I recently read the book Regenesis, by George M. Church. This book provides a good preview of where the breakthroughs in genetic engineering are going to take us in the near future. We have written before about how genetic engineering will create a tectonic shift that will move us dramatically closer to a post-scarcity era of abundance.
Just last week, MIT News released the findings that researchers had developed a new way edit the genome with high precision. Church hinted at the developments happening on this front, and it is clear from following the news after reading the book that many of his predictions are coming to pass sooner rather than later.
I would like to point out one passage from the MIT News article, that readers of the Post Scarcity Alliance should consider:
The research team has deposited the necessary genetic components with a nonprofit called Addgene, making the components widely available to other researchers who want to use the system. The researchers have also created a website with tips and tools for using this new technique.
Notice how what is hailed as a major breakthrough is then made widely available through an open-source network of fellow engineers. It is this open-source nature of genetic engineering technology that leads me to believe that it will be a revolutionary technology that will have unexpected consequences – just like the internet. It is also likely that those who become the stewards of this technology will become very protective of its open-source ethos. Remember what happened when Congress tried to regulate the internet with SOPA? The online revolt stopped this regulatory effort in its tracks.
Now picture a world where genetic engineers are able to access the raw materials of their trade from open-source labs. The possibility that new species are engineered in someone’s garage will become a reality. As frightening/awesome (depends who you ask) as this sounds, trying to control or regulate this activity will be like trying to regulate the internet via SOPA. It’s one thing for a group of environmentalists to fence off land and keep out trespassers. It is completely different to fence of information, and prevent it from being shared.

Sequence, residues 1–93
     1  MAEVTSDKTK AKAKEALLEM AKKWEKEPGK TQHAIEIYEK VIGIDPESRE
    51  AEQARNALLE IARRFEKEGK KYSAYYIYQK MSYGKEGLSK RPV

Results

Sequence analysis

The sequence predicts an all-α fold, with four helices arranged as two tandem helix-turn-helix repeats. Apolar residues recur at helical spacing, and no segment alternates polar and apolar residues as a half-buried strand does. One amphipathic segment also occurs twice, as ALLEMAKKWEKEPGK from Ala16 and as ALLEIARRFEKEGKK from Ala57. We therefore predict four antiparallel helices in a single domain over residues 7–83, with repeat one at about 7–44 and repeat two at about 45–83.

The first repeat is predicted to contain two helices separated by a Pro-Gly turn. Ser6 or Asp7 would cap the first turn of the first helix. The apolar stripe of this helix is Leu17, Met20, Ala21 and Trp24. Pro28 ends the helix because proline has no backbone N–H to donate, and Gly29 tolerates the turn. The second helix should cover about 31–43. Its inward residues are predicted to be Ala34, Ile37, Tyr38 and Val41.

For a hint of what this could mean for the Endangered Species Act, consider this passage from a recent Wired magazine article, “The Attack of the Mutant Pupfish“:
For half a century, conservationists have seen themselves as preservationists: Protect species X as it exists in place Y at time Z. Of course, nature has no such compunctions. Evolution is change. So the way to save the Devils Hole pupfish, Martin says, is to introduce genes from its cousin, the Ash Meadows Amargosa pupfish—C. nevadensis, the same little Casanova from the refuge—which is native to a spring just a few miles away. Martin wants to take one or two and drop them in with their endangered relatives. That simple act would have profound implications. It would protect the Devils Hole pupfish by rewriting its genome.